2. Proceed with the students to the area to be mapped. Students should take with them a piece of paper marked with a 20 cm x 20 cm grid, pencils, crayons and something to write on for drawing, and the marked string.

  3. Lay out the string on the ground to form a grid.

  4. Students draw the details of one grid square. Instruct students to do a vertical image on their paper, drawn as if they were looking straight down on their square.. The calibrations on their paper correspond to the red calibrations on the string making it easier to draw to scale.

  5. Students color their square as accurately as possible.

  6. Gather supplies and return to the classroom.

  7. Discuss. How are your pictures are like a photo? What could you do to make them more like a photo? How is your eye like the lens of a camera?

  8. Assemble all of the squares to make the large picture (use adhesive clay or some other non-permanent material) and view as a whole. What landmarks do you see? What parts of the image are biotic? Abiotic? How would this image look during another season? Does this image tell you anything about the local climate or current weather conditions? Would an image of this same area look the same if it had been created 100 years ago?

You are a city planner. A new shopping center is being proposed for a forested area in your community. An environmental advocacy group has written that building the mall on this site would hurt the local wildlife because the community has little remaining undeveloped land and this habitat is needed to provide food and shelter for existing wildlife. Can an aerial photo of your community help you plan your recommendation for the project? How?

Part 2. Translating an Analog Image into a Digital Image:
Photocopy another set of the 20 x 20 cm grid worksheets. Have students use rulers to divide each square on the analog image into quarters. Reproduce the same grid on the new squares. Students can then average the color of their squares and make a second solid colored square. When these are arranged together, they will form a digitized image of the large square.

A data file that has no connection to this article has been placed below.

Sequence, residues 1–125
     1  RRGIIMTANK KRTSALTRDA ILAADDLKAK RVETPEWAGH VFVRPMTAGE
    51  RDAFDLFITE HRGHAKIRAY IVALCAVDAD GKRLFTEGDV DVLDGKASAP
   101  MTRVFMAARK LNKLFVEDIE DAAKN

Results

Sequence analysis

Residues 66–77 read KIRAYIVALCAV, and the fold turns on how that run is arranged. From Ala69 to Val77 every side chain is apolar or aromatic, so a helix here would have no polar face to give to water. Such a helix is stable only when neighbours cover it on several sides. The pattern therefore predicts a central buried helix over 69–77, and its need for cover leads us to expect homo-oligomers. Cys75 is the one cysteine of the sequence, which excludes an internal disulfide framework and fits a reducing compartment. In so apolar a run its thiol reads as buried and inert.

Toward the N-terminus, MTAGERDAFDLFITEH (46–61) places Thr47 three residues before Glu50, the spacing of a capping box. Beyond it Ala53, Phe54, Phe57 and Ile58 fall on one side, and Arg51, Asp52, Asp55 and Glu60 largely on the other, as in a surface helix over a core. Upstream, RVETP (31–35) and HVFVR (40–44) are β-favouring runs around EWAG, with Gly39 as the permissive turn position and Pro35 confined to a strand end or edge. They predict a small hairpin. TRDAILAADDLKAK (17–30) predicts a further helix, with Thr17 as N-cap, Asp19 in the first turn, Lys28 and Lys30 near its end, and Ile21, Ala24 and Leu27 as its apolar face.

1. Return the individual squares to each student. Also, distribute the blank second handout. Have student connect the lines on both papers. Students should now have two 4 x 4 grids.

  2. Students choose the colors to represent each square in the colored picture. Have students look at each square and compare the area represented by each color within the square. Choose the color covering the most area to fill in the corresponding box in the second grid. If two colors are represented equally, choose one, basing the choice on which color would emphasize line. For example, if three squares are connected and divided in half by two colors, choose the same color for each so that there is not a checkerboard effect.

  3. Assemble the two series of squares into larger pictures. Compare the two. How are they alike and different? Which photo gives us the most information and why? Compare the fraction of each color used in each image. Which image is easiest to calculate?

If you had chosen one color to represent each of your 4 x 4 squares, how would the larger picture be different? How could you make the picture clearer? Besides colors, could we use anything else to represent each square?

You have taken a photo from a low flying aircraft. Information from the photo can be can be used in an emergency. You must use a computer to send either the photo or the required information to another location. How can you transfer the image data to the computer without using a video camera or a scanner?


  1. Assign a number to each color used and build a coordinate grid where data is recorded in numbers.

  2. Figure the fraction or percentage of the total square that is covered by each color or number.

  3. Refine the image by providing greater resolution. Photocopy onto acetate or trace onto tracing paper a grid divided into smaller squares. Provide a class set of this grid photocopied onto paper. Place the transparent grids over the analog images. Repeat the steps for color averaging and create a digital image on each of the grid papers.